Kinescope Memories

The Edison Manufacturing Company (later known as Thomas A. Edison, Inc.) shot this film of a BMT train crossing the Brooklyn Bridge, via Brooklyn to Manhattan, on September 22, 1899. It was among the first pioneering efforts to document New York City using the fledgling medium of motion pictures.

Edison himself took no direct part in his company’s film productions (outside of being the company’s owner, appointing William Gilmore as its vice-president and general manager, and, of course, reaping the profits) but his film crews had permission to shoot almost anything of contemporary interest or importance.

The “Wizard of Menlo Park” had three production facilities: the first was Edison‘s Black Maria studio in West Orange, New Jersey built in 1892; a second, glass-enclosed rooftop studio at 41 East 21st Street in Manhattan, opened in 1901; and, in 1907, a third studio opened at Decatur Avenue and Oliver Place in the Bronx. The studios created over 1200 films (mostly short subjects), many of which were virtually devoid of dynamism and quite stagnant.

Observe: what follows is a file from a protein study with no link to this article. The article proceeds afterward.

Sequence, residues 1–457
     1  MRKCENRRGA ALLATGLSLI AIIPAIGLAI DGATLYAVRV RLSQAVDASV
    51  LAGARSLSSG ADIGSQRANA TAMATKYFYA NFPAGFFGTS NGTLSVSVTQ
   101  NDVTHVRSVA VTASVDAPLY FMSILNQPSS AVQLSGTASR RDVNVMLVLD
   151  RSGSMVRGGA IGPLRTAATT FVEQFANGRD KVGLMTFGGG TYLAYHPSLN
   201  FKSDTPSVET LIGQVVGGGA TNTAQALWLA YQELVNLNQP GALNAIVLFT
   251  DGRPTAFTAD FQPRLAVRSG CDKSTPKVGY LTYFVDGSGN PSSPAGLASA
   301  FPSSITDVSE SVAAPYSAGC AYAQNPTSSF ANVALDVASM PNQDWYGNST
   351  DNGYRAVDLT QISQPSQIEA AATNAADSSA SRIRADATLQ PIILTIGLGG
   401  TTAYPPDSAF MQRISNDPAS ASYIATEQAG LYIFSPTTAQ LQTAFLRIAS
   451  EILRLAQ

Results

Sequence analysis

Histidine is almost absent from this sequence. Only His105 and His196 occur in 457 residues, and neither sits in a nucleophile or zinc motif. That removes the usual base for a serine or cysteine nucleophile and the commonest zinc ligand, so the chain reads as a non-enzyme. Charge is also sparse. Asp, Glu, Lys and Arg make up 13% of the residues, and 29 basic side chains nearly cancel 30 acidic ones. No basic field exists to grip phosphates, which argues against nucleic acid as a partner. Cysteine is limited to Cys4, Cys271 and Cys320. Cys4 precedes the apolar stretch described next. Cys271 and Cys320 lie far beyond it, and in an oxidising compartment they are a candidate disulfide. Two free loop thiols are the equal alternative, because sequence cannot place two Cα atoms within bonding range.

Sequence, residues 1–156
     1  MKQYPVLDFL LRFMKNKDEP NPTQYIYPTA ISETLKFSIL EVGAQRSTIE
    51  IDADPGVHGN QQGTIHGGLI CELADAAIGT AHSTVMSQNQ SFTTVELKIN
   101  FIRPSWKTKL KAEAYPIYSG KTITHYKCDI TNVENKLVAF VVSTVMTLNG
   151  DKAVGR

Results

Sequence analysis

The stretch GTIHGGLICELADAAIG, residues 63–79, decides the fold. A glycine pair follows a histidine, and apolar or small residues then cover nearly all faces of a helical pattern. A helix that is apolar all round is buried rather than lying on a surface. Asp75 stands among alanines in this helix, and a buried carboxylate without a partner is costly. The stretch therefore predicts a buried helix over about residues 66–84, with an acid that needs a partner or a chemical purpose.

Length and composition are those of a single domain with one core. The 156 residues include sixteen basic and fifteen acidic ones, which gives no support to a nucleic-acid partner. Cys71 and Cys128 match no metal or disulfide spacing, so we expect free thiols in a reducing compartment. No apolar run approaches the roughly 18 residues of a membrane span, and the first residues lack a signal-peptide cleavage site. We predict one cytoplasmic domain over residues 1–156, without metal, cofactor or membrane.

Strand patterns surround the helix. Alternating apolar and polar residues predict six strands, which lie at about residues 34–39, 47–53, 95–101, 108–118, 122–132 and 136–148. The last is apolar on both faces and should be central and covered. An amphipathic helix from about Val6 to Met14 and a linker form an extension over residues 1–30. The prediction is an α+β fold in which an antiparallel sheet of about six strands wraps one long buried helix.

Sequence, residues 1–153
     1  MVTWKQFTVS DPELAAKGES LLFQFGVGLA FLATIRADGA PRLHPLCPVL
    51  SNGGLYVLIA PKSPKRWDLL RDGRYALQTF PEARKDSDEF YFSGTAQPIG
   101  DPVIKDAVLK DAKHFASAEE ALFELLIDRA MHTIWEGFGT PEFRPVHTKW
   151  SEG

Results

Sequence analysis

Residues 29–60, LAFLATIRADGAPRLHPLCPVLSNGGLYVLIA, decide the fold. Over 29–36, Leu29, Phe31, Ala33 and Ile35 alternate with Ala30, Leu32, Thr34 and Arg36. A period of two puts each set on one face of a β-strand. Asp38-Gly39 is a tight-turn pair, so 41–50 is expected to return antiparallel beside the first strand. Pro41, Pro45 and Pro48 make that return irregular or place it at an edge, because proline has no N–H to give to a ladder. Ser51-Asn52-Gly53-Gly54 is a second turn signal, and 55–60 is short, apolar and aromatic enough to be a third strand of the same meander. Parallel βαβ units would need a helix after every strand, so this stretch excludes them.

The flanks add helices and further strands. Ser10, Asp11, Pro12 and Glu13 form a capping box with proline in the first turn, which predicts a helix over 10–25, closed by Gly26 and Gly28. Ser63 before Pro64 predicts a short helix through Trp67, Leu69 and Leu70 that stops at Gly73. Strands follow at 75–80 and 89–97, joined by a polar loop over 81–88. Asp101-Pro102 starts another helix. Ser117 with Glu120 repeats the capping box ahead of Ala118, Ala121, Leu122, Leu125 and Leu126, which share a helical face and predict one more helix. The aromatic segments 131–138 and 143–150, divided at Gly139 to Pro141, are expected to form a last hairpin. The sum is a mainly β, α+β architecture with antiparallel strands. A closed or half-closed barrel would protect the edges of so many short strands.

Nevertheless, these films were the first commercially exhibited motion pictures in the United States, premiering at Kinetoscope parlors in New York City on April 14, 1894. Featuring a potpourri of subjects (acrobats, parades, dancers, fire rescues, etc.), audiences were enthralled by viewing the world around them reflected in Kinetoscope. In 1896, to keep up with a growing competition that was exhibiting films on screen, the Edison Company developed a Projecting Kinetoscope.

While the jittery, grainy quality of these films, marinated in antiquity, is overwhelmingly apparent, they seem to possess a strange and special element: they seem to inadvertently capture a distant memory in all of its detached and decomposed richness—high-definition could never be as peculiarly faithful to life and to history.

In the words of Hart Crane: “I think of cinemas, panoramic sleights…” (To Brooklyn Bridge)

Edison Studios at Wikipedia

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